Battersea Arts Centre announced as Community Vaccination Centre

The cultural community hub will welcome Wandsworth residents from 8 March 2021
Vaccinations will be administered by NHS staff in a clinical and contained area while theatre artists and community groups carry on working in other parts of the building
Artists including Inua Ellams, Scottee & Friends, Rosie Jones and coletivA ocupação have been commissioned to help provide a welcoming and creative digital experience for visitors.

This continues Battersea Town Hall’s rich history of supporting the community

#HopeCourageBAC

Battersea Arts Centre today announced a partnership with the NHS to become the community Vaccination Centre for Wandsworth. From Monday 8 March 2021 residents from the borough will be welcomed into the Lavender Hill venue. They will receive vaccines, administered by trained NHS staff. Residents will be contacted by the NHS and asked to book an appointment. This marks the next step in the cultural hub’s COVID response, as it continues to inspire hope by working to support the community.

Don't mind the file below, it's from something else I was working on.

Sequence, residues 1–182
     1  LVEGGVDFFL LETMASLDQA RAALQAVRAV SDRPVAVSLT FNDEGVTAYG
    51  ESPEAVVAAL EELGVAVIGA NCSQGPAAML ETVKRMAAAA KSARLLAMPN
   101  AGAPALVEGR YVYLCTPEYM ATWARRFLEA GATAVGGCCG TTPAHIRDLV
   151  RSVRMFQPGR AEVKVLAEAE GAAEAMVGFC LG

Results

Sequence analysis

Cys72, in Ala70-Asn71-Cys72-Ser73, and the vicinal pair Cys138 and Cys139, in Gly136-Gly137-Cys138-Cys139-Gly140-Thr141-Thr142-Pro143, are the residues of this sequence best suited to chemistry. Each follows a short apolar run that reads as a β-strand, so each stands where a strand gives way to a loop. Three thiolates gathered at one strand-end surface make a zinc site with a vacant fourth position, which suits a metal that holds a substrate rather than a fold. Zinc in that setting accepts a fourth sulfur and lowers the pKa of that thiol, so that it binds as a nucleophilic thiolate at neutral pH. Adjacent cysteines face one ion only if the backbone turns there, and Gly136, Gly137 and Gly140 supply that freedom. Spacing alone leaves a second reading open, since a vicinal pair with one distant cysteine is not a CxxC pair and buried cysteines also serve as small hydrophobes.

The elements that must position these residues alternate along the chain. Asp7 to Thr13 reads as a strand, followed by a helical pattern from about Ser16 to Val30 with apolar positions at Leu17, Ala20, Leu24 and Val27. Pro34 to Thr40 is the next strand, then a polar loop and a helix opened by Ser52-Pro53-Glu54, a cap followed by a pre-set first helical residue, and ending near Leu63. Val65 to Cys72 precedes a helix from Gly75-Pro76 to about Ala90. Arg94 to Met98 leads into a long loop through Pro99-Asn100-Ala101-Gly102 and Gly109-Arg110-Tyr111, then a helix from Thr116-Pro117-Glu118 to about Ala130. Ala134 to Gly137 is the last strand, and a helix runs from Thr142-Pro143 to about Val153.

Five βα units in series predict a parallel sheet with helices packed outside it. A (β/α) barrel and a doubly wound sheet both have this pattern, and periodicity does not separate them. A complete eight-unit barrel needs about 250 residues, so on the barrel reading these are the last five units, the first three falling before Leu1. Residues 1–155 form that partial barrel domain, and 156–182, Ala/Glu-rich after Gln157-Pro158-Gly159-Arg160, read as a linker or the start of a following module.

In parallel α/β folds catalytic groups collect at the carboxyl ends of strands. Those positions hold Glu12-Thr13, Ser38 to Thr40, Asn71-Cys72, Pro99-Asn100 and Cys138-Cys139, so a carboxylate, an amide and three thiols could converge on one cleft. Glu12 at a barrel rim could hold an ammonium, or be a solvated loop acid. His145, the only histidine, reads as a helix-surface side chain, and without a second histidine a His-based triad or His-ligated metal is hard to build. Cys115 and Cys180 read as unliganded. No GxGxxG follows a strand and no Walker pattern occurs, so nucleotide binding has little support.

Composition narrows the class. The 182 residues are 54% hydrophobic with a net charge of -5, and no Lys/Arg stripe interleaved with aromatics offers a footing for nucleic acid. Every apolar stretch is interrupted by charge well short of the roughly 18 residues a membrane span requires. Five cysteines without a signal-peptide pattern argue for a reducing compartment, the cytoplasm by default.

The front part of the building will be exclusively for Wandsworth residents receiving the vaccine. The Council Chamber room, where the vaccinations will take place, is being trans-formed by the NHS into a clinical and contained area.

Battersea Arts Centre is the only arts venue in South London to host large scale vaccinations. As part of the initiative, it is commissioning installations which inspire hope, curiosity and encourage visitors to imagine a better future for their community. Some of this work will be made available to experience online via bac.org.uk/discover